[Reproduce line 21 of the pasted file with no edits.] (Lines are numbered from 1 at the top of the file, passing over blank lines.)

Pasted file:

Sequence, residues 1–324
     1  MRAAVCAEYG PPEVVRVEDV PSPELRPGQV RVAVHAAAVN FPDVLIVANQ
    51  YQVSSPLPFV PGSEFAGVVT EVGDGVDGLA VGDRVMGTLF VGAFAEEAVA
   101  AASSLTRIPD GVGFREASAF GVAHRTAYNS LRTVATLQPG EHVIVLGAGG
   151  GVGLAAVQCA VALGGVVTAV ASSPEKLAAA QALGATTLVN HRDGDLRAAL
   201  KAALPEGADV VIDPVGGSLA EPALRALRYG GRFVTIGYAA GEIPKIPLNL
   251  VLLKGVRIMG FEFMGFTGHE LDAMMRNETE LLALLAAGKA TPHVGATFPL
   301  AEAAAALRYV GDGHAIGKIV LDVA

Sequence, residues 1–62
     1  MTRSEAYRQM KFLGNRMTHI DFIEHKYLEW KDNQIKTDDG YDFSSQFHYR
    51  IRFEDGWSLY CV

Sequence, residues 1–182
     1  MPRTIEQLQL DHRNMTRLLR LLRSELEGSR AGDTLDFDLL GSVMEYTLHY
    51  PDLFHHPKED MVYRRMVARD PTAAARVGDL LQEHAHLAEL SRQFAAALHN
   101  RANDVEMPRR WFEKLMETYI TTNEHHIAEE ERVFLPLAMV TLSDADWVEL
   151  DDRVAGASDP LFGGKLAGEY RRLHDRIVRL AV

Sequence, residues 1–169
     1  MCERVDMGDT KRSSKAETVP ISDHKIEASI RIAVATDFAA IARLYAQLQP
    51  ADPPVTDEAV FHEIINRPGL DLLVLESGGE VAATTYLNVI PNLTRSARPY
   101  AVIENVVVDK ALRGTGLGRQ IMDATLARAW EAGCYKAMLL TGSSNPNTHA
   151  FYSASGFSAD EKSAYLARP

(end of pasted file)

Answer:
   151  FYSASGFSAD EKSAYLARP